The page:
President Biden was seen at Camp David in Maryland during a February 2 phone call with Russian President Vladimir Putin.  12, 2022.

President Biden was seen at Camp David in Maryland during a February 2 phone call with Russian President Vladimir Putin. 12, 2022.
(White House)

“The White House remains very concerned and interested in a speedy resolution, [but] as to how Russia will take the White House proposals is another matter, and I believe that the president’s constant references to wrongful detention at this point can only anger Russia.”

Rebecca Koffler, a Russian-born former U.S. intelligence officer and expert on Russia and Vladimir Putin, echoed the sentiment, saying the process is likely to drag on due to political differences.

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“Britney Griner’s appeal, which her Russian lawyers say they will hear, will almost certainly be rejected. Only after a formal legal process can a real deal be discussed between Moscow and Washington,” she said on Thursday.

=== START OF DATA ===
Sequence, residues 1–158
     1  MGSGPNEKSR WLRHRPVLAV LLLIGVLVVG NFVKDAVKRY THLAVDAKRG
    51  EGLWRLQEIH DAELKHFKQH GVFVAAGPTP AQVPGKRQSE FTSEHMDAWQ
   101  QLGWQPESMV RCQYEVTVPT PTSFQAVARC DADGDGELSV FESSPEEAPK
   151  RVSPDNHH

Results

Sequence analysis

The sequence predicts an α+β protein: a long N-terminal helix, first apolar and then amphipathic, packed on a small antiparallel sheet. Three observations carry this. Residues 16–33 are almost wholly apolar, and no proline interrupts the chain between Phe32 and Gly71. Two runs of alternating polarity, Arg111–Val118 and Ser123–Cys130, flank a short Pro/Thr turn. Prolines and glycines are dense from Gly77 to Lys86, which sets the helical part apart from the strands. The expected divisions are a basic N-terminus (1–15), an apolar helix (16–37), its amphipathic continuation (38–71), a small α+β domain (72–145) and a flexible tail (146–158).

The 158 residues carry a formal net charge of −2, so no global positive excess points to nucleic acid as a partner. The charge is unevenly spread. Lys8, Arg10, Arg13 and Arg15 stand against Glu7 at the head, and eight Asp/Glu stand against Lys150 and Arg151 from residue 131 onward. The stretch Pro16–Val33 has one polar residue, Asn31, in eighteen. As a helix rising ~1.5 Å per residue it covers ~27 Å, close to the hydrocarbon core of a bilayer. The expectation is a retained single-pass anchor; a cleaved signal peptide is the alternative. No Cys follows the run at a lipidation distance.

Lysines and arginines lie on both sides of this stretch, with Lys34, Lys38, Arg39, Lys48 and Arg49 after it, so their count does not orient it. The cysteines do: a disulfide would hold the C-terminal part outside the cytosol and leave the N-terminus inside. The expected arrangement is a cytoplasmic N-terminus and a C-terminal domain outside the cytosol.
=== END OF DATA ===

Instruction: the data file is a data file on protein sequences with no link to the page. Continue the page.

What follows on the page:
“Because the positions of Moscow and Washington are currently intransigent — the former sees Ms Griner as a criminal who deserves almost the maximum punishment for drug smuggling, and the latter considers her “wrongly detained” by Russia — this promises to be a long, drawn-out case in Vladimir Putin’s regime has all the cards, but the Biden administration has almost none.”

A Russian court found WNBA star Britney Greener guilty of drug smuggling and possession after prosecutors asked for a sentence of nine and a half years in prison for the athlete.

A Russian court found WNBA star Britney Greener guilty of drug smuggling and possession after prosecutors asked for a sentence of nine and a half years in prison for the athlete.
(Evgenia Novozhenina/Pool/AFP via Getty Images)